When I was a kid, and we would sit on the gym floor in elementary school for assembly, I would squirm from the minute my hiney hit the floor. For the life of me I couldn’t figure out how the other kids could stand it. I remember once, sitting on that gym floor, watching a live performance of The Princess and the Pea and really feeling like I knew what that poor girl was going through.
I have (and have always had) a bony butt. As robust as I am in most other physical dimensions (moms like to call it “husky”) there is very little padding on my hind extremities. This has always felt like a design flaw, but as it turns out it also gives me superpowers at ferreting out uncomfortable chairs.
One of the best things about the chair design in The Anarchist’s Design Book is that it really requires no saddling at all. I’ve sat in one of Chris’ versions of this chair with a flat seat and it was honestly every bit as comfortable as most dining chairs that have ever known the honor of holding my posterior. My observation is that part of that is due to the angle of the chair seat from front to back. Part of that is also due to the relatively shallow rake of the back spindles that keep you sitting pretty straight.
When I made the decision to saddle my version of the chair, I did so knowing it was unnecessary. I wanted to add just enough saddle to make the chair look a little more sculptural (dare I use the word “organic”) but not so much that carried it over into higher chair styles like Windsors. As I said in an earlier post “restraint” was my byword.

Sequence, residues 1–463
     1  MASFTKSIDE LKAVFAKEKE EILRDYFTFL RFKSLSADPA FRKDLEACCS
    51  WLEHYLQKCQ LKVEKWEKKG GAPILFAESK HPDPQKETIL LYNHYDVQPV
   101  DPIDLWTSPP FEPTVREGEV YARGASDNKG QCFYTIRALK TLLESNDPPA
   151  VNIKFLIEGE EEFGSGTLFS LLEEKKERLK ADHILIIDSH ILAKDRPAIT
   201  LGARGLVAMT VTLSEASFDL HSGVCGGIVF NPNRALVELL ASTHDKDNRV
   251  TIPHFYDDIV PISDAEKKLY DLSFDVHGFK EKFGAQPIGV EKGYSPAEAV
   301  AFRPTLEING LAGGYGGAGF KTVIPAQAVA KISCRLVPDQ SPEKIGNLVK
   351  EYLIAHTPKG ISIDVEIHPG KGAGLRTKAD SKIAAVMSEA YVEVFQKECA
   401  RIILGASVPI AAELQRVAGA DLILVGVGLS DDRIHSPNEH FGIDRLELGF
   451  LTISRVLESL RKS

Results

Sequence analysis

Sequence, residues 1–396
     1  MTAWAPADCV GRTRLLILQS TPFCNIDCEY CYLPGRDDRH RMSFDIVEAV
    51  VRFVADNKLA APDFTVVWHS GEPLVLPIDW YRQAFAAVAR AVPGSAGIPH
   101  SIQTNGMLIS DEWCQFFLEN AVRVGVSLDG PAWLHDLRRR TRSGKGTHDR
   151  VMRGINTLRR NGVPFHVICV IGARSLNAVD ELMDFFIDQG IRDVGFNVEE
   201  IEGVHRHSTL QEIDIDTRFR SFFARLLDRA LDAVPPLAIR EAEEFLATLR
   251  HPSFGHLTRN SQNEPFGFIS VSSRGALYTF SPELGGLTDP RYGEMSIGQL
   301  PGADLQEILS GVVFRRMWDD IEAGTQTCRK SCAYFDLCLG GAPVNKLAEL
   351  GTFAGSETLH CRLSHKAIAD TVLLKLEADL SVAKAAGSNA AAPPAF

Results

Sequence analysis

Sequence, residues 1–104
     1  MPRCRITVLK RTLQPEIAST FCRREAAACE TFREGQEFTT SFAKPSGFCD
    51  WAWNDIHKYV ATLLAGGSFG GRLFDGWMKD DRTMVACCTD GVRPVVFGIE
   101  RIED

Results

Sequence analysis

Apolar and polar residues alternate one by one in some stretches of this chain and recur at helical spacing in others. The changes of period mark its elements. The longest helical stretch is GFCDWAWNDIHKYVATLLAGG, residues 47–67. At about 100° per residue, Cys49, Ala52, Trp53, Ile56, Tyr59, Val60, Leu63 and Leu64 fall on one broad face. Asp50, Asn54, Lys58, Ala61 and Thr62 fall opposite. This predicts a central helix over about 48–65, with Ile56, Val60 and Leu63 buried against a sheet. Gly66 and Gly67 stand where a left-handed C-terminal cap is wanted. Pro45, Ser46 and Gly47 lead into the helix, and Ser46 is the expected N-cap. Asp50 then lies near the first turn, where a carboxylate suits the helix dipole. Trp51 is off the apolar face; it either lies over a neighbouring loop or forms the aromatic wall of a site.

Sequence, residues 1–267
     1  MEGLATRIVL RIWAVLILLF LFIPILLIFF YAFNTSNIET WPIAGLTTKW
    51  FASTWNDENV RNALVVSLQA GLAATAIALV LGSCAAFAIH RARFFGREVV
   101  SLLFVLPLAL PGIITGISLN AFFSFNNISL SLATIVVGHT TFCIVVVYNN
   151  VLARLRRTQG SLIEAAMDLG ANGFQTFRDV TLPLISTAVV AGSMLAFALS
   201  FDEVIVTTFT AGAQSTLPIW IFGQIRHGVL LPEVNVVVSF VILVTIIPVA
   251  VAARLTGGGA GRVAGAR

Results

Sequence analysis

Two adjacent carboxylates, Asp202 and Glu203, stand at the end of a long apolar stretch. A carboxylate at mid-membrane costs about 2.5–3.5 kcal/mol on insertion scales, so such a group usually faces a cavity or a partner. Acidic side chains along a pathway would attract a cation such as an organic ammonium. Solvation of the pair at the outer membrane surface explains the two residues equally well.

As with most woodworking operations, the key is to move from the roughest tools to the finest doing the most work with each stage that you can. I completed the initial shaping with a scorp which can be mistaken for a roughing tool. It is true that it’s the roughest tool you generally use in seat shaping (unless you’re going to ad an adz to the mix) but it can be wielded with subtlety. The cleaner you leave the seat from the scorp, the less work you’ll have to do with with the next tool.
That next tool is a travisher. There are several excellent travishers on the market. I use a travisher made by Jim White (Crown Tools) and I’ve fallen in love with it. I also have an old cobbler’s heelshave that I use for tight radius work. The travisher basically cleans up the tracks from the scorp. If we were to make an analogy to planes, the scorp would be the fore plane, the travisher would be the trying plane, and just like a with a good (finely set) try plane, you can get nearly finished surfaces from this tool.
I say nearly finished, because in practice I’ve found I need to follow the travisher up with a card scraper. I’m going to tell you from experience – you need a curved scraper to do this work. There’s only so far a rectangle can take you. The scraper is like your smoothing plane. Take the time to tune it up and it will treat you well.
Oh yeah, and sandpaper. I haven’t found any way around just a little sandpaper, although I will say that following the process outlined above left me with far less sanding (and dust) on the second seat than I had on the first.
At this point I cut the extra material off of the back of the seat and shaped the undersides to lighten the look. A drawknife and bevel-up jack make quick work. After all of this is done – and before assembly – I also go back and take a clean smoothing pass on all flat surfaces (the bottom and the spindle deck on top). I leave the final shaping of the edge and front chamfers until after assembly because they’re really the finishing touches.
And that’s it. Not so intimidating is it?